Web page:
|JOE CONNOLLY “The Graffiti Guerrila” Graffiti Buffer
Infamy’s Joe Connolly is dedicated - as dedicated to painting over and scrubbing away graffiti from the Los Angeles cityscape as its most prolific creators are to putting it there. Joe’s famous sign at Pico and Fairfax exclaims: “GRAFFITI NO LONGER ACCEPTED HERE. PLEASE FIND A DAY JOB, THANK YOU.” Cal-Trans declared Joe Connolly the “Graffiti Guerrilla”, and there is likely no single citizen more dedicated to buffing – removing and painting over graffiti - on Earth. With over 30,000 hours of community service logged to date, Joe stresses the importance of respectability and responsibility, working with gang members, graffiti writers, and transients to make them more productive members of our communities. Joe Connolly grew up in an Irish Catholic family neighborhood in Chicago. In 1968 his family moved to San Jose, California. Joe graduated from San Jose State University in 1978 with a degree in Business Administration and Psychology. He married Jeri Pupos- “a nice Jewish girl” – in 1984. He, Jeri and their baby daughter Jessica, moved to the Fairfax area of Los Angeles in 1986. Joe has been in the wholesale carpet business for 21 years, and in that time has achieved over $50,000,000 in sales. His free time is spent fundraising for the Jewish Community Centers Association and Los Angeles Unified School District, speaking on community issues in LAUSD schools, spearheading and directing a volunteer citizen safety patrol, serving as president of the Carthay Square Neighborhood Association, participating in the L.A. Marathon and coaching youth baseball and soccer.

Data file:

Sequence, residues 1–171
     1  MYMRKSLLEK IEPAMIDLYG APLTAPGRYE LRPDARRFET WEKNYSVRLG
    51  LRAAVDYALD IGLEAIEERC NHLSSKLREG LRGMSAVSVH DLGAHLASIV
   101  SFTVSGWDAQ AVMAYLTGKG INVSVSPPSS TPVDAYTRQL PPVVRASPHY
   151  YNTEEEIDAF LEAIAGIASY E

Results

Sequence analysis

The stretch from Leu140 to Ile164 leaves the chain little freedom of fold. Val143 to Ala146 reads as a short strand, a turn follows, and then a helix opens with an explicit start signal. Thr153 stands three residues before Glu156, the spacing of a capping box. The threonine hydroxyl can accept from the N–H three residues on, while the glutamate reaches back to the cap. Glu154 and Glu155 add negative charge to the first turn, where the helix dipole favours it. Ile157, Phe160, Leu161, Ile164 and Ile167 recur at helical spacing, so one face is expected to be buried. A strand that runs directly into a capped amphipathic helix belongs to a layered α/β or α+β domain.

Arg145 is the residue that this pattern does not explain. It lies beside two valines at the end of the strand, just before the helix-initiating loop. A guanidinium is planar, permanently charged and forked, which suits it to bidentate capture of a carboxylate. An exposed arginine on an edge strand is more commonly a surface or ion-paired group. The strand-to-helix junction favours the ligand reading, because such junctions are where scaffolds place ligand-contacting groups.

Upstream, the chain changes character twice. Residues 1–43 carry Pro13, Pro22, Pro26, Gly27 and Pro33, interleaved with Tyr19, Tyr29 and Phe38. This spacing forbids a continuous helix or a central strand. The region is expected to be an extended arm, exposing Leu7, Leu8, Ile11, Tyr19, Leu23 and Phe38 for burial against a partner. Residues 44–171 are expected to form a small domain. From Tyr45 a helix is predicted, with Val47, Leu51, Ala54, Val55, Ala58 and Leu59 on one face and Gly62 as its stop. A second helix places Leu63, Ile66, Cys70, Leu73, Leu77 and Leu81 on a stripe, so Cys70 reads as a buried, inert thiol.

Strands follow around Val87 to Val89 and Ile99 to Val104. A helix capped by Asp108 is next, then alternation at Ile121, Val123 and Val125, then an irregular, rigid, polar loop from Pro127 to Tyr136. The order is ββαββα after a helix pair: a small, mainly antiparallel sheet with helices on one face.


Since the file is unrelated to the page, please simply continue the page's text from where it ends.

"Off The Wall", a documentary that aired nationally on PBS in 1996, focused on Joe’s approach to ending graffiti and other problems in our communities. He has been honored and endorsed for his many community accomplishments by Mayor Richard Riordan, Councilman Michael Fever, Councilman Laura Chick, The Los Angeles Times, the LAPS, Cal-Trans, the Los Angeles Dodgers, KNBC 4 and many others. Joe has been featured in hundreds of media stories. City Hall admirers and community leaders describe him as one of Los Angeles’ “biggest assets.” Joe understands full well that graffiti is a cat and mouse game, and that the roles shift depending on who is painting – or scrubbing – at any given moment. He’s become a great fan of legally executed work, whether on the street or in galleries. He knows full well that buffing someone’s work is a taunt that may inspire more graffiti, and he’s developed his own means of dealing with repeat offenders, one right within the graffiti vernacular. Pointing in the film to a tag of his own “A.M.B.” – he explains, “AMB – All My Bitches. When I control a tag crew, I put that on top of them and they kind of know that they have to stay out.”